Amid Rapid Change, Brands Re-Focus on the Future
What is the highest priority growth and marketing topic for your organization in 2021? If you’re like our clients, brand strategy framework is on the list.
Across industries, many organizations that weren’t natively digital or “contactless” shifted their focus out of necessity. For those who were able to do so, remote working became the standard, rather than an exception. A McKinsey survey found:
“Respondents are three times likelier now than before the [COVID-19] crisis to say that at least 80 percent of their customer interactions are digital in nature”.
The same research found that leaders also reported dramatically accelerating the time needed to respond to or implement changes.
Given the rapid pace of change, it might seem that there is little time to step back and work strategically “on the business,” and, that of necessity, the focus is execution of daily activities “in the business.” Taking the time to define your organization’s brand strategy framework might seem less important than churning out marketing executions on social media and through email.
Brand Strategy Framework and Growth Strategy Top the Priority List
In light of this situation, Insight to Action surveyed our clients who are largely CEOs, CMOs and Senior Vice Presidents to find out what topics would be most relevant for them in 2021. The results might surprise you.
Topping the list for 2021 are brand strategy and growth strategy. These two areas tied for #1 as the highest priority areas for this year. After brand strategy and growth strategy, the next most important topics were customer segmentation and channel strategy. Much further down the list were new product and innovation strategy.
Our recent Insight to Action work reflects these top priority topics, and, in particular, a focus on applying brand strategy frameworks. Through our conversations, we’ve been surprised to notice that more marketers and executives are less familiar or haven’t worked with the fundamental marketing principles of the target customer, brand values, and brand differentiation. An example of two of the brand strategy framework tools we recommend are the Brand Equity Pyramid and the Brand Pillars. Another frequently used tool is a creative brief to guide marketing communications.
Brand Strategy Framework Example: 3 Steps for B2C Brand in 2020
We were asked to develop a brand strategy framework and brand positioning to guide messaging for a paper planner brand.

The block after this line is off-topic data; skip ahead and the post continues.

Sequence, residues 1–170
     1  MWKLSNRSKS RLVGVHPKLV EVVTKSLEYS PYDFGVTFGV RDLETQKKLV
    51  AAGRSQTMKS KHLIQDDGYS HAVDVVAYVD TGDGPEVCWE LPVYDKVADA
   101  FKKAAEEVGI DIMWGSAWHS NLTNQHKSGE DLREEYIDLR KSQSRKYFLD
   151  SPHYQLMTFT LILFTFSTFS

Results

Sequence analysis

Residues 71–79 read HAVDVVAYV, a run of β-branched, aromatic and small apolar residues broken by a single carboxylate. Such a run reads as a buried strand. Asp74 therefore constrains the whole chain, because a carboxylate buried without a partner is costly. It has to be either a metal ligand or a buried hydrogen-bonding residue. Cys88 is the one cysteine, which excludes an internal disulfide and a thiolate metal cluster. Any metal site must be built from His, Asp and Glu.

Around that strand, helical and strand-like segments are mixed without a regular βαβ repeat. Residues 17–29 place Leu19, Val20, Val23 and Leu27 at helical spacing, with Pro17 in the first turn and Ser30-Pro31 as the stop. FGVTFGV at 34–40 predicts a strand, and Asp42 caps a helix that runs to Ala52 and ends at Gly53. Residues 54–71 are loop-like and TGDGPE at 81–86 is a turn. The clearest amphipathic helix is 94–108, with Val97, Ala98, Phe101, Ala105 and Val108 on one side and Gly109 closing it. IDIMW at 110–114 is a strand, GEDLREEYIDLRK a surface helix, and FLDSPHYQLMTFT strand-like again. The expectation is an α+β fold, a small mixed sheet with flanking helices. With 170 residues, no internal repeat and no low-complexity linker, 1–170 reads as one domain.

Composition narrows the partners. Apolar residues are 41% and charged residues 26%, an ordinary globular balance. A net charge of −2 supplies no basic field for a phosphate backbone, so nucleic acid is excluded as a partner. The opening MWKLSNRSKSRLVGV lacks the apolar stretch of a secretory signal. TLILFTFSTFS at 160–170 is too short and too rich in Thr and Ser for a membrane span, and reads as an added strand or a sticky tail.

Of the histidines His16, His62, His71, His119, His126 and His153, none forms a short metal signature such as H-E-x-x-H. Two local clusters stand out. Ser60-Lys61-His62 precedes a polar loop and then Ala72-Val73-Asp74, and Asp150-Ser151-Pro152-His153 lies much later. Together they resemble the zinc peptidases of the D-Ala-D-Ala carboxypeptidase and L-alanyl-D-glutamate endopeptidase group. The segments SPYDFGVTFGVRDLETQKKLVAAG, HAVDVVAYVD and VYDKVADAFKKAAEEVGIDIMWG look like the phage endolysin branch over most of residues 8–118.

- The first step was to understand the consumer segments, and their focus and needs for planning. In this category, the heavy user consumer may use multiple planner products for different purposes. The target planner consumer might need a separate product for personal goals like exercise or budgeting, and a different product for her work calendar. These heavy users of paper planner products recognize that they are more effective when they write down their goals, and there is research that suggests that they are correct.
- The next step was to define the desired brand strategy framework tools. Specifically, we worked with the client team to develop the brand pillars, brand pyramid, brand positioning and brand expansion zones. We previously shared an example of these brand strategy framework tools for the Quaker megabrand.
- The brand positioning was translated to a creative brief, and the advertising agency developed messaging executions which are currently in market.
Brand Strategy Framework: Brand Architecture
Brand architecture is another part of the brand strategy framework, and this was also relevant for the B2C planner brand, since one of the most challenging aspects of this work was gaining clarity and alignment with the leadership team on the brand architecture.
The specific issue was the role of the corporate brand that makes the products contrasted with the role of the consumer-facing brand. A well-known example of a corporate brand vs. a consumer-facing brand is Procter & Gamble, which is the corporate brand that has a number of consumer facing brands in its portfolio, such as Tide or Febreze.
When we began this work, the client had a mixed implementation, with product packaging showing both corporate and product brand names at equal size on the front, whereas the website focused only on the consumer-facing brand. Along with the mixed implementation, there was considerable leadership disagreement on the appropriate use of the corporate brand. Some in leadership were attached to the corporate brand and felt it should be promoted to consumers.
The consumer interviews, however, suggested that the consumer-facing brand should become the consistent focus on packaging, website, and communications. Since there was considerable disagreement, the client chose to add a quantitative awareness and imagery study to test the qualitative findings. After the quantitative research overwhelming showed the strength of the consumer-facing brand, the leadership team readily aligned to make the consumer-facing brand the focus going forward. This streamlined the packaging communications.
In our experience, brand strategy framework tools equally apply for B2B brands and non-profit organizations.
Will your organization take the time to align on fundamental brand strategy frameworks to drive execution in 2021 and beyond? Or will you continue to go-to-market without these tools?
We were recently told that the brand strategy framework developed by Insight to Action for a global brand in 2009 is still being used today. Additional examples of our brand strategy work are available on our resources page. If you are interested to get a long-lasting benefit of brand strategy alignment, contact Insight to Action.